A High-density Microelectrode for Human Neuronal Recordings

Cedars-Sinai Medical Center logo

Cedars-Sinai Medical Center

Status

Invitation-only

Conditions

Parkinson Disease, Idiopathic

Treatments

Device: DBC (Diagnostic Biochips) Deep Array microelectrode; Intan Electrophysiology recording system; Matlab response recording to behavioral task

Study type

Interventional

Funder types

Other

Identifiers

NCT05919160
STUDY00002777

Details and patient eligibility

About

The purpose of this study is to test the ability of a newly-designed electrode to measure the activity of individual nerve cells (neurons), and collections of nerve cells (local field potentials) in the brain. The study's main goals are to see how well this electrode works compared to standard electrodes and to validate its safety.

Full description

Recording of human brain activity at many scales is an important tool in clinical medicine. The ability to record extracellular action potentials, otherwise known as a "single unit activity" (SUA) has provided fundamental insight into the details of neuronal function in humans as well as a variety of nonhuman animals. In humans the techniques for recording extracellular action potentials are relatively limited. Rigid, sharp tipped probes manufactured by several companies are FDA approved and routinely used as part of standard of care during a variety of surgical procedures such as deep brain stimulation (DBS) device implantation to identify areas of neuronal activity and optimize placement of clinical electrodes. The same technique has been used to better understand brain function and its impairment by disease in humans. In addition, a variety of semi- chronically implanted microwire techniques are available. These electrodes are more commonly used in patients with seizure disorders and have allowed insight into network behavior such as in the medial temporal lobe and medial frontal lobe. However there remains a tremendous gap between the recording capabilities of modern electrodes used in animal research, and what is currently clinically available for human testing. A typical rigid shaft single electrode currently used in clinical care will record anywhere from 1-3 distinctly isolated neurons at a time. In contrast, in state-of-the art animal research, higher density probes such as the Neuropixel electrode [4-6] now routinely allow recording of hundreds or even thousands of neurons in a single brain region. This markedly increased recording capability translates directly into a better understanding of how brain neurons and networks interact to create complex behaviors and disease. Most of the commonly used high-density electrodes are based on a rigid silicon shaft onto which multiple recording contacts (typically made of platinum, Iridium, gold or conductive polymers) are embedded. There are several significant limitations of silicon-based probes in translating them to large brain, and in particular human, applications [7] First, silicon is fragile, making the electrodes prone to fracture, which makes them risky for human applications. Furthermore, the silicon microfabrication process is impractical for making large devices, limiting commercially available probe length to around 20mm, which is too short for most clinical applications in the human brain. Also, the connection between the electrode contacts and the pre-amplifier in the currently available products requires a rigid circuit board that is attached to the electrode, which is difficult to work with and which requires that the pre-amplifiers to be kept very close to the brain. While there are FDA approved version of silicon probes (i.e. the Utah Array used for brain machine interfaces), these applications are limited to short <2mm long probes used for surface cortical recordings. The inherent material and process limitations described make it unlikely that silicon-based probe technologies will provide a clinically usable probe for deeper locations in the human brain. The investigators, therefore, sought to utilize a new kind of translatable technology for clinical use. The investigators seek to test a more robust and reliable technique for recording large numbers of single neurons in the human brain. Diagnostic Biochips Inc. (Glen Burnie, MD) is an electrode manufacturer that has developed a new type of electrode that consists of a stainless-steel shaft and an array of polyimide based high density electrodes that are embedded onto this shaft. This type of electrode design has proven highly reliable for deep brain penetrations of up to of up to 8cm length in rodent and non-human primate. The steel carrier is highly robust, entirely avoiding the breakage problems associated with silicon based and other high-density probe designs. Similarly, the polyimide-based electrodes are a material that is well known to not be biotoxic, which is well tolerated and part of numerous currently FDA approved products. The DBC Deep Array electrode is wired directly to an Intan (Los Angeles, CA) microprocessor mounted at the other end of the shaft. This microprocessor generates a digital signal, so that a long connection can be utilized between the microprocessor and Intan amplifier unit used to record the data, without any loss in signal or addition of noise. This feature is crucial to improve patient safety and reduce any infection risks during recording. Steel is rigid, and not prone to fracture like silicon. In addition, this type of electrode can be made significantly longer, simply by using a longer stainless-steel shaft to mount the high-density polyimide array on. While the currently manufactured DBC deep arrays used in animal research are 40-80 mm in length, a length of up to 300 mm is easily feasible. This contrasts with the maximal 10 -20 mm length that is achievable for silicon-based and other high-density systems. A length of >100mm is required for probing deep brain structures such as the basal ganglia in the human brain, which is routinely done in clinical settings. The DBC electrode can record up to 1024 individual channels simultaneously. The DBC devices have been used successfully in nonhuman primates and have undergone the biocompatibility, cytotoxicity, sterilization, and safety testing expected for use in humans. The results of these tests were all a pass, and the resulting reports are attached to this protocol.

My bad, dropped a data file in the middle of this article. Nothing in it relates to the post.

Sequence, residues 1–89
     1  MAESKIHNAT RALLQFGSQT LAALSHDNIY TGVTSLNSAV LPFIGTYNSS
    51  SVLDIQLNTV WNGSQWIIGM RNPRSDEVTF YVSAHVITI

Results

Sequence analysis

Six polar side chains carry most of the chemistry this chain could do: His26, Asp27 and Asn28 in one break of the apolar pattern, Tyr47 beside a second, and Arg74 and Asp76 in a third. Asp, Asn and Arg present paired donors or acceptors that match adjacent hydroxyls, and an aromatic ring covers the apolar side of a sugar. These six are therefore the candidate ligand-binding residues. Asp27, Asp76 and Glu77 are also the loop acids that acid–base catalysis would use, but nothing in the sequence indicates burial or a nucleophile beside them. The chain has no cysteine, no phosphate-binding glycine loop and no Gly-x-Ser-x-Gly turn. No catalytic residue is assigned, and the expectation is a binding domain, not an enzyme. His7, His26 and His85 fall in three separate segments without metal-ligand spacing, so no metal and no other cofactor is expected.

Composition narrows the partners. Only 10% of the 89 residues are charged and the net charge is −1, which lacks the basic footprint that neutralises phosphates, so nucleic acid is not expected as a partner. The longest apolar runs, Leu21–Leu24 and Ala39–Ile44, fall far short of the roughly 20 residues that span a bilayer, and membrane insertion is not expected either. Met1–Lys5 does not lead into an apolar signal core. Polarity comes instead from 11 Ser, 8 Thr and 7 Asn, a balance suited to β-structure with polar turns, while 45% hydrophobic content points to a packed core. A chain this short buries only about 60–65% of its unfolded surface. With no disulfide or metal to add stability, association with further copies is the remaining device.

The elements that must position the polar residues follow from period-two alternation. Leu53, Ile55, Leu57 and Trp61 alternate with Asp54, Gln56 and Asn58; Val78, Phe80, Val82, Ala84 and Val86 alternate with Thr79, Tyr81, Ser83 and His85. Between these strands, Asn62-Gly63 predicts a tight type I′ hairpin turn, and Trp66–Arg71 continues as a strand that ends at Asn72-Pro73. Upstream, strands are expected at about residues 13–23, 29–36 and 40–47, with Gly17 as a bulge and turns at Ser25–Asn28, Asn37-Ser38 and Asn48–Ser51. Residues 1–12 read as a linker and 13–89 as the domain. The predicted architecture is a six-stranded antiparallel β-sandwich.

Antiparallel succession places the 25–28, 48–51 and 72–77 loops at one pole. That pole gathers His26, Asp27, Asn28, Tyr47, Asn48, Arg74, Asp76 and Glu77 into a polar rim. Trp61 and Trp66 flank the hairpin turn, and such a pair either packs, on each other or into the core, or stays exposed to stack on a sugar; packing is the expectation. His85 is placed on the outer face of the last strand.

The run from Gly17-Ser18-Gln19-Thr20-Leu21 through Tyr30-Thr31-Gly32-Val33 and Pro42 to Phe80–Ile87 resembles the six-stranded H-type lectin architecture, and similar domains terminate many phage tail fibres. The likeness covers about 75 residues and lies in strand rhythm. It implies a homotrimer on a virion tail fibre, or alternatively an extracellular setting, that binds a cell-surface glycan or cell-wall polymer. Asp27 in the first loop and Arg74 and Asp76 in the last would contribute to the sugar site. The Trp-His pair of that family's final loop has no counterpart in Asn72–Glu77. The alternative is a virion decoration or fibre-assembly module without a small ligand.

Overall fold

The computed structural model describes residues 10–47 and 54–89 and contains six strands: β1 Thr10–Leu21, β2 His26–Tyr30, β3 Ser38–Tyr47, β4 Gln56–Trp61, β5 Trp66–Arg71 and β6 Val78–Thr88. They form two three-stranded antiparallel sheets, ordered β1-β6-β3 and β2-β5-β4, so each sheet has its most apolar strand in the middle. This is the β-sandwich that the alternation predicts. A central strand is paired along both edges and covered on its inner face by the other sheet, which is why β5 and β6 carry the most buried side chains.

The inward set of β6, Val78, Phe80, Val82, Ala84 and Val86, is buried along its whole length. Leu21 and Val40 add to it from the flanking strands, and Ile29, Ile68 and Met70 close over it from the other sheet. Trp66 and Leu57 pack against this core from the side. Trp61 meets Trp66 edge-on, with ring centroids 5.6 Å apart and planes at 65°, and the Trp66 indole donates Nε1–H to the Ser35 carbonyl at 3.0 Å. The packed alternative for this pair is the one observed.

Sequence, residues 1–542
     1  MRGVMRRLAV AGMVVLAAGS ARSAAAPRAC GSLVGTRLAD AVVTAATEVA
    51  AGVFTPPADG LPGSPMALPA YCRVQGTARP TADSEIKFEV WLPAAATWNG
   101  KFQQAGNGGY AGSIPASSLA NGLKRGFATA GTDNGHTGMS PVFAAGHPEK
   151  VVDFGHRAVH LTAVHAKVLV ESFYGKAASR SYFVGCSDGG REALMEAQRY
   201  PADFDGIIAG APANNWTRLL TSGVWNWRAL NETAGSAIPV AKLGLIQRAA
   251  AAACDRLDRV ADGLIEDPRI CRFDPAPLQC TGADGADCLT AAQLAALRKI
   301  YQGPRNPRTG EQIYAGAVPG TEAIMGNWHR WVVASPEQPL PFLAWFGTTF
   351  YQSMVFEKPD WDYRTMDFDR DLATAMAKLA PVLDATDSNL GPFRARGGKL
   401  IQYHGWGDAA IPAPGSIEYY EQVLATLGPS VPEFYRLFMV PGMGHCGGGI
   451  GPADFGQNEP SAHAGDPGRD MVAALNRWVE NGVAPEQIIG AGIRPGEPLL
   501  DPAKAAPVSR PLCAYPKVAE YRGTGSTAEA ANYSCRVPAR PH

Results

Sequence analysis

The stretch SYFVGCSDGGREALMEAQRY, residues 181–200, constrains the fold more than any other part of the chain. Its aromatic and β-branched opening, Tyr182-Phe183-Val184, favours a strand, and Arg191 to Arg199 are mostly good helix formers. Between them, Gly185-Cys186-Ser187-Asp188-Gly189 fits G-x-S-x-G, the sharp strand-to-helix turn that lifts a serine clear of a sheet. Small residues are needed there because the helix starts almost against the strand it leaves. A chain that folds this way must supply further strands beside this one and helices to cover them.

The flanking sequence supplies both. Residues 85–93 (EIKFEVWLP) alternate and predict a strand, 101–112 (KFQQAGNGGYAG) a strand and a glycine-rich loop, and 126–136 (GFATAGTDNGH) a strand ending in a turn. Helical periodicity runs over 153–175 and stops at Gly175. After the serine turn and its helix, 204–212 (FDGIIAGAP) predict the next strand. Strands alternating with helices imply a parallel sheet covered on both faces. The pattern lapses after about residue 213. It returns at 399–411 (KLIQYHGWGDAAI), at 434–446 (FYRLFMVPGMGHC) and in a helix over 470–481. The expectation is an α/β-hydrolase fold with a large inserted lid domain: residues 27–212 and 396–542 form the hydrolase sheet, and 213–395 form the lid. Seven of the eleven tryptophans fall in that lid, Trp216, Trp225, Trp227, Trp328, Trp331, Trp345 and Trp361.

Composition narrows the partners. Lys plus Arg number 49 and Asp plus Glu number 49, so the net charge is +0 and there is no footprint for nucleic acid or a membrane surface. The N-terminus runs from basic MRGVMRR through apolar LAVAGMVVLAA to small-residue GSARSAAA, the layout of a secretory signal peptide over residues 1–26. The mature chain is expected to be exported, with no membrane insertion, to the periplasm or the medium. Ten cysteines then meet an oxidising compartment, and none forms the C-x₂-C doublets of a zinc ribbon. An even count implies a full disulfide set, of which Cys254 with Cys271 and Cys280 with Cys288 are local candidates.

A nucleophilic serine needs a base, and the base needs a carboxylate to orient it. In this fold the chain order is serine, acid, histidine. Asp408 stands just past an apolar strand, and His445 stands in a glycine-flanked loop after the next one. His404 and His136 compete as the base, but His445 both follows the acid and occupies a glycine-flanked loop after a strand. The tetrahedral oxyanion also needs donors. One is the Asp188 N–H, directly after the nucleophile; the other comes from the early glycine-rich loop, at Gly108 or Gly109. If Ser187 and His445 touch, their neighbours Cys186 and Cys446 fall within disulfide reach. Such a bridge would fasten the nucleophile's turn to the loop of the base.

Enrollment

10 estimated patients

Sex

All

Ages

18+ years old

Volunteers

No Healthy Volunteers

Inclusion criteria

  • Any patient undergoing implantation of a Deep Brain Stimulating (DBS) electrode in the Subthalamic nucleus (STN) for the treatment of Parkinson's disease, in whom microelectrode recording is being performed to improve localization of the STN.
  • Age > 18 years of age
  • Able to give independent informed consent

Exclusion criteria

  • Microelectrode recording is not indicated
  • Previous implantation of DBS electrodes in this site
  • Known allergic reaction to stainless steel or polyimide

Trial design

Primary purpose

Device Feasibility

Allocation

N/A

Interventional model

Single Group Assignment

Masking

None (Open label)

10 participants in 1 patient group

Neuronal Recording and Behavioral Testing
Experimental group
Description:
Neuronal Recording and Behavioral Testing
Treatment:
Device: DBC (Diagnostic Biochips) Deep Array microelectrode; Intan Electrophysiology recording system; Matlab response recording to behavioral task

Trial contacts and locations

0

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Central trial contact

Mia Coordinator

Data sourced from clinicaltrials.gov